You may have heard the names Fannie Mae and Freddie Mac in the news and wondered what they are. They are government-sponsored enterprises that play a significant role in the mortgage industry. Both Fannie and Freddie buy mortgages from lenders, pool them together and sell them as mortgage-backed securities to investors.
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Fannie Mae is another name for the Federal National Mortgage Association (FNMA), which the government created in 1938. Freddie Mac is another name for the Federal Home Loan Mortgage Corporation (FHLMC), which the government created in 1970. Both Fannie and Freddie were initially formed to stabilize the U.S. residential mortgage market and expand opportunities for homeownership and affordable rental housing.
The primary business of both Fannie Mae and Freddie Mac is to purchase home loans from lenders so lenders can replenish their supply of capital funds and make more mortgage loans to borrowers. While both entities typically buy conventional loans that conform to certain loan amount limits and underwriting standards, they also may buy government-insured housing loans such as FHA, VA and USDA loans.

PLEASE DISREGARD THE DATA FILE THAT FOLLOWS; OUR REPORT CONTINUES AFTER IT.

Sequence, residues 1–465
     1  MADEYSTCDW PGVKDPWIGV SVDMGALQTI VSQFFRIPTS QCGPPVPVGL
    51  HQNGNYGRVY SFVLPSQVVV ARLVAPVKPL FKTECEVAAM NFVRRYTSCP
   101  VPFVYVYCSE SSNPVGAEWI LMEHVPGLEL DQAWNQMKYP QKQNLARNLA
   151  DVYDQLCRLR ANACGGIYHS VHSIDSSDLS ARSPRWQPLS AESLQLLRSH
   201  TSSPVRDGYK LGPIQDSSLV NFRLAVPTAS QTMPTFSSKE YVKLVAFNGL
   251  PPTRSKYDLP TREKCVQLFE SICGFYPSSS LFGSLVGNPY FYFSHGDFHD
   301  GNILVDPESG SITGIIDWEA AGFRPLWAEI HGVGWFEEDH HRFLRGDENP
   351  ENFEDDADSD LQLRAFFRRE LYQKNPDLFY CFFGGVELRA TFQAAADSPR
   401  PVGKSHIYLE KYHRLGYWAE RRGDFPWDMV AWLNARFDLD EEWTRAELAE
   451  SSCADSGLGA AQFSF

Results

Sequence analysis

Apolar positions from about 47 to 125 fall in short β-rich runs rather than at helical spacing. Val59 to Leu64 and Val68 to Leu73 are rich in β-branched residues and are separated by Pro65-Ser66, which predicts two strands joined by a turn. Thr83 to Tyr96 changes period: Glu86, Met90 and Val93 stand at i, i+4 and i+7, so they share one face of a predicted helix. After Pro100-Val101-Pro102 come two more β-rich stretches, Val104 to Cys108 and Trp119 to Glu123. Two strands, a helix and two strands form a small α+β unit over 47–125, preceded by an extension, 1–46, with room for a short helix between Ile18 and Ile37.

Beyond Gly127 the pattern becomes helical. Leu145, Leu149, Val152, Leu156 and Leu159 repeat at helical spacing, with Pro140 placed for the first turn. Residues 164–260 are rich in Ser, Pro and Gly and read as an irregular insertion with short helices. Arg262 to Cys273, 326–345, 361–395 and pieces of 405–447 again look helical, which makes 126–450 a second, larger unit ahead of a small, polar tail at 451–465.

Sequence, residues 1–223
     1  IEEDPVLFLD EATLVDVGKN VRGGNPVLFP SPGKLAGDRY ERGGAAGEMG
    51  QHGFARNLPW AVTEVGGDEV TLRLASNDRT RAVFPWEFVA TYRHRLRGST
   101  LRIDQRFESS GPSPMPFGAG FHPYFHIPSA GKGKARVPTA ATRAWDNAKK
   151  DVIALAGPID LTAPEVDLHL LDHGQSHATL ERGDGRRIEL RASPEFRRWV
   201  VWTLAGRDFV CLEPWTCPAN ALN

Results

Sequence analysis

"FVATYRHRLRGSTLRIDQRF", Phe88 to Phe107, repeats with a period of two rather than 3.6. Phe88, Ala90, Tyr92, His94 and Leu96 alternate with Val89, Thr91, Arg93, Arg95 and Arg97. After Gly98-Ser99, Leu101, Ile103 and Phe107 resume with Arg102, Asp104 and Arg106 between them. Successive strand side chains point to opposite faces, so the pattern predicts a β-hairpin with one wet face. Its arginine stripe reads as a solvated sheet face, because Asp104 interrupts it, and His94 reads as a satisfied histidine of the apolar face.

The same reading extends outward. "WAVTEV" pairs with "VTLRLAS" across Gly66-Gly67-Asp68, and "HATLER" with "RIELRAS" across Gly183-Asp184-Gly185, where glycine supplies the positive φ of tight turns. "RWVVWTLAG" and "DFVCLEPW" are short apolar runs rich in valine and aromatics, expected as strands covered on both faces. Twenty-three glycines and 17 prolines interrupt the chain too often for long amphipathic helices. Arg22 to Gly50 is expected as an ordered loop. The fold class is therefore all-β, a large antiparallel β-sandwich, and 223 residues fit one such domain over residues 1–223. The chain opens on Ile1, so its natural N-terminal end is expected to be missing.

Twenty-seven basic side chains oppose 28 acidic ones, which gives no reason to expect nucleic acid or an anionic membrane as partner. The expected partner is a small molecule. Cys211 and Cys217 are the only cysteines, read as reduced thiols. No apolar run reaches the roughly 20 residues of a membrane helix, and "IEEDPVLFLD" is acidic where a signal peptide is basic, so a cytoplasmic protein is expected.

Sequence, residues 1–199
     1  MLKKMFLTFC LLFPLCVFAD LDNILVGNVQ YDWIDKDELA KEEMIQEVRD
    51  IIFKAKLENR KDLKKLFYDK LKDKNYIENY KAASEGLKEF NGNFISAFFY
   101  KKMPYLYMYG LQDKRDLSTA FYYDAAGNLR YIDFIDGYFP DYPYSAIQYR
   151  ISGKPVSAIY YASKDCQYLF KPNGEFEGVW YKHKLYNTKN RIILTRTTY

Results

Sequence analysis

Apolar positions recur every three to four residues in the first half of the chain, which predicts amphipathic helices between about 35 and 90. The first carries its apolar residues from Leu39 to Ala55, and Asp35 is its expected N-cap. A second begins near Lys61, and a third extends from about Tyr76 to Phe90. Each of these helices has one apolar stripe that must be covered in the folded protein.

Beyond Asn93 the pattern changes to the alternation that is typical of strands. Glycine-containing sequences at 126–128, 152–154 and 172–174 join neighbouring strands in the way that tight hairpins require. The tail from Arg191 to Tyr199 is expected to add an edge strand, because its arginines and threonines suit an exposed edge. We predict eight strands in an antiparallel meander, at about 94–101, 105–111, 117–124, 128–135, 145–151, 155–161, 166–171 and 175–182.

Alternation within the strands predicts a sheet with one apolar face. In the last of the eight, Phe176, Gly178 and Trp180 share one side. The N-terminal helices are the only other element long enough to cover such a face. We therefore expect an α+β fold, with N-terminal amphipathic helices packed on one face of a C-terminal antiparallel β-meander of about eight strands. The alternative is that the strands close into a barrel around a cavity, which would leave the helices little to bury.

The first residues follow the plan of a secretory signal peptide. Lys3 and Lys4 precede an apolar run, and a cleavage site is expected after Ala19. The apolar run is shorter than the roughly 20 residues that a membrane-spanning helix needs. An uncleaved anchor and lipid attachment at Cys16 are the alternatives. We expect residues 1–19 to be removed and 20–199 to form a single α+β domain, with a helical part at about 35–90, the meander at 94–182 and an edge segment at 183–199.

During the global financial crisis in 2008, Fannie Mae and Freddie Mac guaranteed over $5 trillion in mortgage debt. The share prices of both companies plunged and investors were fearful of a collapse due to escalating foreclosure rates and plummeting housing prices. The fear was that both entities lacked the capital to absorb the predicted losses. In September of 2008, Fannie Mae and Freddie Mac were both placed into conservatorship of the Federal Housing Finance Agency (FHFA), which put Fannie Mae and Freddie Mac under direct government control.
Today, the role of Fannie Mae and Freddie Mac has not changed very much. Both entities still guarantee and purchase loans from mortgage lenders, and they have taken steps to improve their financial condition as well as build a profitable business.
For more information, speak with a loanDepot licensed loan officer at (888) 983-3240.
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